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Roopa Gowda

Joined: Feb 24, 2004
Posts: 5
this is a question on threads

the answer is : ABC
how can u be sure that the thread t1 starts executing before the main thread completes its execution.
t1 is created by the main thread and hence its priority is same as that of the main
i think the answer can be either ABC or XYZ ??
can someone help me
Adrian Pang
Ranch Hand

Joined: Feb 20, 2004
Posts: 40
I think the answer is only ABC. There are a couple cases:
1) t1 starts after t1.start(), before synchronized (sa) in main:
In this case, sa[0] = "Not Done" and when t1 runs, the condition while (!sa[0].equals("Done")) is false and therefore it will call wait() and blocks, exiting the monitor. The main thread then runs and set the elements to ABC, then set sa[0] to Done and wake t1 up. Then, when t1 runs again, it will display ABC
2) t1 starts after synchronized (sa) in main: t1 blocks until main releases sa. After that, sa = {"Done", "A", "B", "C"}
Can you think of a case where t1 displays "XYZ"? The only case where I can think of is if t1 is interrupted, but that isn't the case in the code above.

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Corey McGlone
Ranch Hand

Joined: Dec 20, 2001
Posts: 3271
The output could never be "XYZ".
Let's look through the flow of the application a little bit. We start with this line:

Next, we create a new thread and pass it that String array. Once created, we kick off that thread.

Now this is where it can be a little tricky. What gets executed next? Is it going to next execute the synchonized block in main or the synchronized block in the new thread? Simply put, we just don't know.
Let's assume, that the new thread executes first. It acquires the lock on the String array object with this line:

Then in the next line, it checks the first index of the String array and compares it to the String literal "Done":

Well, at this point, sa[0] contains the String "Not Done". Therefore, this check succeeds (the inverse of sa[0].equals("Done"), which is false, is true). With that check succeeding, we jump into the while block and execute this line:

This causes this thread to move out of the running state and go into a waiting state. At this point, the new thread is done processing.
Now, with only one other thread to execute (that being the main thread), we know what's going to execute next. We'll next execute this line in the main method:

Because the new thread had invoked the wait method, it gave up the lock it had on the String array object. That allows the main thread to acquire it and move into it's synchronized block. The following lines are then executed:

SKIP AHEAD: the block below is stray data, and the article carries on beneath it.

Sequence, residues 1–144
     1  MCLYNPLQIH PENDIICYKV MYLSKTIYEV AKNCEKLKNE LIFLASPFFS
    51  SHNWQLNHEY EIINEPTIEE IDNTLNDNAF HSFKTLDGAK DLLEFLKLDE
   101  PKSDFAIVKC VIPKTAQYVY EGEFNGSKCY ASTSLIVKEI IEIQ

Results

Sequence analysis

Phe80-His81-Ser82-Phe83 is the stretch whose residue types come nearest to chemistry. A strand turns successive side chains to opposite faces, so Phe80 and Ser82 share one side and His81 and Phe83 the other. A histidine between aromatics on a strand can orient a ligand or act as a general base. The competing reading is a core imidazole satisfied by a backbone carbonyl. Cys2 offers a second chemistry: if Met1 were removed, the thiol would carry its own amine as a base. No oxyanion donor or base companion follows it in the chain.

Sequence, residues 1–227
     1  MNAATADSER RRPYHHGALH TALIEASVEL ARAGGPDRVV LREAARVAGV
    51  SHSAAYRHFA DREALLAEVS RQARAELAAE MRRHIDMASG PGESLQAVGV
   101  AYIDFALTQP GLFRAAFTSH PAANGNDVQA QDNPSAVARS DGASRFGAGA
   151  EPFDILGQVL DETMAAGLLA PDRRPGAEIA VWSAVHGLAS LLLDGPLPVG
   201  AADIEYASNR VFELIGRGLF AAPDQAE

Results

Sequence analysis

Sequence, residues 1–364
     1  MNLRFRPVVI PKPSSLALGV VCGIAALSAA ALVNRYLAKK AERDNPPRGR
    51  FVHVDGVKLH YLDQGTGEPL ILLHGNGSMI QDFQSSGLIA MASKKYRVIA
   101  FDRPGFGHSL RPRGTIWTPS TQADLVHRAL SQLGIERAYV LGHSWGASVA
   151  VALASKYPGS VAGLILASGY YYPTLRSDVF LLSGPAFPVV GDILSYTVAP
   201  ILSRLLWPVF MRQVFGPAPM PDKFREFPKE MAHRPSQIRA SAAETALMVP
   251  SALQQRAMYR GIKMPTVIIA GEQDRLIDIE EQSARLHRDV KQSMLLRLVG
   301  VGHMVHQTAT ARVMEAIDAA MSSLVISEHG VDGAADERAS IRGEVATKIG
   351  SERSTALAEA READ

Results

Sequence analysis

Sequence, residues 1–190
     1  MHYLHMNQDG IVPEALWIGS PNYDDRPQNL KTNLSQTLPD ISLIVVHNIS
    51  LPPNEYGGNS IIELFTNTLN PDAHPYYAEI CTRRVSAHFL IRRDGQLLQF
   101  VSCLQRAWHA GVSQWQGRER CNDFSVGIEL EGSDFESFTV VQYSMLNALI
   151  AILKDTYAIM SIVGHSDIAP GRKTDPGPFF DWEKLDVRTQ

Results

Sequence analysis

This changes the contents of the String array object and, when done, performs a notify. There is only 1 thread waiting at this point so we know which thread is going to be awakened by this call. That is, of course, our new thread. When that thread wakes up, we pick up where it left off, after that wait() statement. As this was inside a loop, we again check the loop condition:

Now that the main thread modified the contents of our String array, we know that sa[0] does contain the String "Done". Therefore, this loop condition fails and we exit the loop. That takes us to this line:

Once again, the String array has already been modified so we now spit out "ABC".
Hopefully, you see that there is no way the output line can be executed before the String array has been modified by the main thread. The new thread will constantly wait for the main thread to complete before it can finish it's run method.
I hope that helps,

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Brian Albin

Joined: Mar 02, 2004
Posts: 24
Great explanation Corey,
I haven't studied the subject of threads yet, but your explanation was clear even to a thread newbie like me.
raman padma

Joined: Feb 20, 2004
Posts: 18
Hi Corey,
That was a soooo clear. U sure know ur stuff so well. I have exactly 10 more days to go for the exam. Still, I could not answer that question well. After i read ur explanation, i felt so much better. Do u suggest any other reading/ do u have any other sample programs like this for me to gothrough?
Roopa Gowda

Joined: Feb 24, 2004
Posts: 5
thankyou Adrian and Corey for a very good explanation.
Sindhur Sat

Joined: Feb 23, 2004
Posts: 23
Good one!!
Corey McGlone
Ranch Hand

Joined: Dec 20, 2001
Posts: 3271
If you have a cert prep book, I'm sure there's a section in there that covers multi-threading. You may just want to re-read that.
You can also check out this tutorial on Sun's site.
I agree. Here's the link:
subject: threads
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